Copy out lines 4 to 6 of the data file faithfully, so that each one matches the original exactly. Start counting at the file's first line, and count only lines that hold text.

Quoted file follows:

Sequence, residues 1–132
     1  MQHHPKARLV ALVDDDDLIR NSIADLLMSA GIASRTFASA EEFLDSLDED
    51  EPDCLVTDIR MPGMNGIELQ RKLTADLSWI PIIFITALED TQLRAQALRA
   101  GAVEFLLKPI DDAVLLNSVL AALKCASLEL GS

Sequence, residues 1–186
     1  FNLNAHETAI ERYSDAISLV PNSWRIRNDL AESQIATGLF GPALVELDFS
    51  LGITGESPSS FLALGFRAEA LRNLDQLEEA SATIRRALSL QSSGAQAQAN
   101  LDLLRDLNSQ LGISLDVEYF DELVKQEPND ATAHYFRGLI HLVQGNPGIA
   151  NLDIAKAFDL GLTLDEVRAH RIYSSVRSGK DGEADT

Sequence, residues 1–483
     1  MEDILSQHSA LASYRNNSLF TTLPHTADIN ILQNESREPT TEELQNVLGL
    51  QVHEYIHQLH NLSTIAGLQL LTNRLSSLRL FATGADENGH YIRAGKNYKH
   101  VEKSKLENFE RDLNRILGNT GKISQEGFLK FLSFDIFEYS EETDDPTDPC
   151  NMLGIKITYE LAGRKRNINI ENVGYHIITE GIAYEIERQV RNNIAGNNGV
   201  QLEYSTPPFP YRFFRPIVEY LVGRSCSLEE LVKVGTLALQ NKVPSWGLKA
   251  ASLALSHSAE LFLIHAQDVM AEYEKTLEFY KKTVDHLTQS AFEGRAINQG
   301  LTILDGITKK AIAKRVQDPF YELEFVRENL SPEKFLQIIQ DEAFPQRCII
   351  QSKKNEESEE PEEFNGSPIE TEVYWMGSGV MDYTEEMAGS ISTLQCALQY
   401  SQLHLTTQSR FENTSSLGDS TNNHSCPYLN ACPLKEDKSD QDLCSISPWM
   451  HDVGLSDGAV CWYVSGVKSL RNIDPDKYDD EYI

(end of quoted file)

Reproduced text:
   101  GAVEFLLKPI DDAVLLNSVL AALKCASLEL GS

Sequence, residues 1–186
     1  FNLNAHETAI ERYSDAISLV PNSWRIRNDL AESQIATGLF GPALVELDFS